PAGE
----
Bar Associations

Asian-American bar officials acknowledge fears amid hate crime reports; more resources offered

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Members of Asian-American bar associations are acknowledging some fears as their groups raise concerns about hate crimes and troubling rhetoric.

Among those reporting disturbing incidents is Cyndie Chang, managing partner of the Los Angeles office of Duane Morris and president of the National Asian Pacific American Bar Association, the National Law Journal (sub. req.) reports.

Chang tells the National Law Journal she was standing on the steps of the Capitol in Washington, D.C., in May when an older white man told her to go back to her country. Chang’s ancestors came to the United States from China five generations ago. She says the comment shocked her and she didn’t respond.

Chang says she has heard similar stories from others who have faced negative comments and threats of violence. She admits to being “somewhat anxious and fearful” and says she canceled a visit to relatives because she didn’t want to drive alone.

Chang said the NAPABA is “monitoring the situation carefully” and putting together a hate crime tool kit for its members with information on how to identify hate crimes and where to report them.

The South Asian Bar Association of North America is also providing a resources list for victims of hate crimes, according to this press release. The group is also joining with its chapters to provide a way for members to provide pro bono support to sister organizations.

SABA says there has been “a dramatic increase in incidents of hate and violence” against South Asians since election day, though President-elect Donald Trump has repudiated hateful actions. The Southern Poverty Law Center has reported 701 “hateful incidents of harassment” in the week after the presidential election.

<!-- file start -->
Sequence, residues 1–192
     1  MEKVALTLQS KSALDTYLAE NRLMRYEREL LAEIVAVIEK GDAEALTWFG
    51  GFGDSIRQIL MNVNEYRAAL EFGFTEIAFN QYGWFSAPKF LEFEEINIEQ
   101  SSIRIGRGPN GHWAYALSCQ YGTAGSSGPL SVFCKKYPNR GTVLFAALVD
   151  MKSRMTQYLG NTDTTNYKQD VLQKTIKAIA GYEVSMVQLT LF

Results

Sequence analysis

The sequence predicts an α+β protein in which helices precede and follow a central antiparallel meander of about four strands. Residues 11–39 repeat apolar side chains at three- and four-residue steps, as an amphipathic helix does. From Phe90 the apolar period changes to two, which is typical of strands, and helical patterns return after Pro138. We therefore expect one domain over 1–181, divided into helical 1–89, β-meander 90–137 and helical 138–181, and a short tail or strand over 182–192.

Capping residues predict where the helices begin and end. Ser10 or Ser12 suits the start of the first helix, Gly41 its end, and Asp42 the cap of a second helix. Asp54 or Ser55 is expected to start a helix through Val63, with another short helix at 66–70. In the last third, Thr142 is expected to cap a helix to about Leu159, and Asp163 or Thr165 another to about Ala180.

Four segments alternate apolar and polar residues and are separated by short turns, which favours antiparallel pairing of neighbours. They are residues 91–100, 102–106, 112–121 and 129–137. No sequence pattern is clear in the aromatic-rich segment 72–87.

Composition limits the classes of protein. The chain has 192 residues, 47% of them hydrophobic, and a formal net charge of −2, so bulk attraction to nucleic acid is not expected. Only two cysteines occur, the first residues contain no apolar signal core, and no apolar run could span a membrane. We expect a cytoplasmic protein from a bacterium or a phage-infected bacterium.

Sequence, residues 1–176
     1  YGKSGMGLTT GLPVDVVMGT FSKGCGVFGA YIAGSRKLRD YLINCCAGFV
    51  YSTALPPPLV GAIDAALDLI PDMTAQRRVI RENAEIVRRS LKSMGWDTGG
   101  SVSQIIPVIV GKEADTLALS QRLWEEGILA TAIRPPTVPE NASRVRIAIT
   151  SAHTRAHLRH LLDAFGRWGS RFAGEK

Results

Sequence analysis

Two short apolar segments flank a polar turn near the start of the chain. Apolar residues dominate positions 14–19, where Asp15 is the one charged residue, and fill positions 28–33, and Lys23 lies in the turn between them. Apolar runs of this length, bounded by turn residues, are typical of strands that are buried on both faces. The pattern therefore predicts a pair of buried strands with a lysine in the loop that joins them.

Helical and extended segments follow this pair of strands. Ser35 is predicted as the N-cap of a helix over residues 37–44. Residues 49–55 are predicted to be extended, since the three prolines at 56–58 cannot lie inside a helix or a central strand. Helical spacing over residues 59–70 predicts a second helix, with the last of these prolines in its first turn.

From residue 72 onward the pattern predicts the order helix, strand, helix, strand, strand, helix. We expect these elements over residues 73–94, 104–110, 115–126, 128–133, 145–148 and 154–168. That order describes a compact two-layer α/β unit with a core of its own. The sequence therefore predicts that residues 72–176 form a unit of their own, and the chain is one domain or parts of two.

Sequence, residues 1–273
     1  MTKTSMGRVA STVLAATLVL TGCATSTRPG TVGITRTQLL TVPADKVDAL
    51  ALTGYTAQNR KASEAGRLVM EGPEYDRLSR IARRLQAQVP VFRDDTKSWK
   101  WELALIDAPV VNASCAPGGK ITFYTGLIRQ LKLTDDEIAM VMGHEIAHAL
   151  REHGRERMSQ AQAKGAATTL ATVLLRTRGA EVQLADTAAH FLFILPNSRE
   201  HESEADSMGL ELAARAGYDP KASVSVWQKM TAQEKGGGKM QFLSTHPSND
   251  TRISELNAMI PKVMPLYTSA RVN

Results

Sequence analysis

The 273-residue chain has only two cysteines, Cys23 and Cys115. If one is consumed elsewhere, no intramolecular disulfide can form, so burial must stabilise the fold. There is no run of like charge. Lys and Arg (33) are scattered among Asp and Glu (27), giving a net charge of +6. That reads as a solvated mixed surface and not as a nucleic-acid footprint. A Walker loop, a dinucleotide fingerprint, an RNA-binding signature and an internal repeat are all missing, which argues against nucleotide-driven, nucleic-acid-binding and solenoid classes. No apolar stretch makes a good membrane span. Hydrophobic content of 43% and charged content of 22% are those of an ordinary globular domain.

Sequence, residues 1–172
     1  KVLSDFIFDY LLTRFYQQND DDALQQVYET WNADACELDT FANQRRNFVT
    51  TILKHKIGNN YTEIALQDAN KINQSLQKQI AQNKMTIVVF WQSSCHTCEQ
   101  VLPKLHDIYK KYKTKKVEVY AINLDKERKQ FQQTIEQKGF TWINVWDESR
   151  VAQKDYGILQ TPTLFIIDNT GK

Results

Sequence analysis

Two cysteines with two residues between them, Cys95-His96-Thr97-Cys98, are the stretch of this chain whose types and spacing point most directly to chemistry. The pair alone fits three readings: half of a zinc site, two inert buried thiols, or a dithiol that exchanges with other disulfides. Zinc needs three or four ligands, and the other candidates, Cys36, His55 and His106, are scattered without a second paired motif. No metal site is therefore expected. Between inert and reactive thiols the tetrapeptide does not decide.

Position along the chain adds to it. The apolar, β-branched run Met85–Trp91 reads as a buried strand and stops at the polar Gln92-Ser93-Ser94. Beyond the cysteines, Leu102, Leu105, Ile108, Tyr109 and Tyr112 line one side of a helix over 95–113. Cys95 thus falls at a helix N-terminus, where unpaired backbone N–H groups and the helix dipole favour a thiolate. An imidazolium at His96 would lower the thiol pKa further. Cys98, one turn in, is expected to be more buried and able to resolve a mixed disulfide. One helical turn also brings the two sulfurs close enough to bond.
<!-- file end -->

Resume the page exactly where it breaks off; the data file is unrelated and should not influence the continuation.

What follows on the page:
SABA sees a link between the incidents and election rhetoric. “As representatives of the South Asian community in America, we must acknowledge that the 2016 presidential election campaign was filled with troublesome and xenophobic rhetoric towards minority communities, especially Muslim Americans,” the group says. “It is because of this rhetoric that members of the South Asian community, amongst many others, enter this new administration with some trepidation and fear.”

The National Association of Muslim Lawyers is also reacting. Its leaders are planning a strategy retreat in January to discuss issues the group expects to encounter in the Trump administration, the National Law Journal (sub. req.) reports. Other Muslim lawyer groups are also discussing plans. The Capital Area Muslim Bar Association intends to publish op-eds expressing the group’s views, according to board member Fatema Merchant.

“It’s time to stop moping around and start acting,” Merchant told the National Law Journal.

See also: “Told to go back to his own country, BigLaw partner says lawyers need to stand up and be heard”

Updated on Nov. 29 with information from the National Law Journal.

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